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Impulse Control Training and Games for Dogs

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    In human psychology, impulse control refers to people’s ability to delay gratification or resist their immediate desires, impulses or temptations that could harm them or others. In short, impulse control means self-control or self-restraint. Babies have no impulse control, but they learn it from their parents and environment as they develop.

    Dogs are similar to babies. They have no idea that they can’t have things they want right when they want them and can’t do everything they want right when they feel the urge. Most dogs need to learn to control or inhibit their behavior. With small puppies, it’s relatively easy for us to prevent undesirable behaviors—like chewing furniture or running off in pursuit of a nice scent—simply by picking them up. But as they grow larger and become more independent, it’s difficult to prevent their inappropriate behavior if they haven’t been taught to control their impulses.

    The general goal of all dog training is to teach our pets impulse control. We want them to resist their immediate desires and, instead, comply with our cues or commands. Accomplishing this allows us to keep our pets under control, ensuring their safety and comfort, as well as the safety and comfort of others. For example, dogs who have been taught to come when called or to wait a moment for permission to go through doors can be kept safe from many dangers, such as getting lost or hit by cars. Likewise, dogs who have been taught to sit politely to greet people won’t jump up and injure or upset them.

    Following are some training exercises and games to help you teach your dog useful “impulse control” skills such as Wait, Stay, Settle and Leave It. As with all training, you want to make sure your dog is able to succeed easily in the beginning and then gradually present more challenging situations. For more information on other training topics related to impulse control, please see our articles entitled Charging Through Doors, Teaching Your Dog to Wait at Doors, Teaching Your Dog to Come When Called, Teaching Your Dog to “Leave It,” Teaching Your Dog to Stay, Teaching Your Dog to Play Tug-of-War and Teaching Your Dog to Sit.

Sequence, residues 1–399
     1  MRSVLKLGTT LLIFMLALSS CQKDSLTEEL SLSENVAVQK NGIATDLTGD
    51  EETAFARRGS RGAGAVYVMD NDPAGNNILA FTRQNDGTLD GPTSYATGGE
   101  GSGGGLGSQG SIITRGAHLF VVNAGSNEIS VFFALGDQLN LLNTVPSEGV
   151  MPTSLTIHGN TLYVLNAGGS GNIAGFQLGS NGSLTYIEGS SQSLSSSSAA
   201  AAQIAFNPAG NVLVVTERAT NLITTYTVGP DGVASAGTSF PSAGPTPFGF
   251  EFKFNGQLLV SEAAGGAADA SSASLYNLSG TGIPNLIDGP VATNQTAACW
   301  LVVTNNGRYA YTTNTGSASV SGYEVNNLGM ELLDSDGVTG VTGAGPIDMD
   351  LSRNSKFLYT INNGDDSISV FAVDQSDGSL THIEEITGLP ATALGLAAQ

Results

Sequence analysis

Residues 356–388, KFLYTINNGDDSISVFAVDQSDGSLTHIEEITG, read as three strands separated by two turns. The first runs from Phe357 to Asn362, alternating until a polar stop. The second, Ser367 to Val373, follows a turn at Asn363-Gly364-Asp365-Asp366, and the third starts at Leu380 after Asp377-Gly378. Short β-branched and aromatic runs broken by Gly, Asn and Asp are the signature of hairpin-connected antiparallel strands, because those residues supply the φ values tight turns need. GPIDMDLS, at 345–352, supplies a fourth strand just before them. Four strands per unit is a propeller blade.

Leave It
    If you’ve already trained your dog to leave things alone, try this fun Leave It trick. You’ll impress your friends with your dog’s fantastic impulse control! (Please see our article, Teaching Your Dog to “Leave It,” to review the basic steps.)

    Start with your dog in a down position as you sit or kneel in front of him. Tell him “Leave it,” and then place a biscuit on his front paw. Keep your hand in the air, hovering a few inches away from the biscuit so that you’re ready to quickly cover it up with your hand if your dog tries to eat it.

    If your dog leaves the biscuit alone for one second, say “Take it!” Motion to the biscuit and let him eat it off his paw. If your dog tries to eat the biscuit before you say “Take it,” quickly cover it with your hand. Wait until he stops trying to get at the biscuit and pulls his head back, away from your hand. When he does this, you can remove your hand again. If your dog leaves the uncovered biscuit alone for one second, say “Take it!”
    Practice this sequence for several days. When your dog consistently waits until you say “Take it,” to eat the biscuit, you can start to gradually stand up. Practice several days with you squatting in front of your dog. You’ll be a little further away but still ready to cover that biscuit if he goes for it before you say “Take it!” Then practice another several days with you standing but bent over so that you can still reach down quickly to “save” the biscuit. Finally, tell your dog to “Leave it,” stand up straight and place the biscuit on his paw. Hopefully, he won’t try to steal it before you say “Take it,” but if he does, you can gently but quickly cover it with your foot.

    Some trainers and pet owners like to play this game to the ultimate level: they place not just one biscuit on one paw, but line up several biscuits on both paws and forelegs. It’s pretty impressive to have a dog who’s got two rows of tempting treats right under his nose but doesn’t eat them until you say “Take it”!

    Fetch with Wait
    If your dog already knows how to play fetch, you’re ready to add a challenge: Your dog must wait until you give the okay for him to run and retrieve the toy—after you’ve thrown it. (Please see our article entitled Teaching Your Dog to Play Fetch to review the basic steps.)

    Start with your dog standing or sitting at your side. Hold a toy in one hand and your dog’s leash in the other to prevent him from bolting forward.
    Tell your dog “Wait,” and then drop the toy so that it falls, at most, a foot away.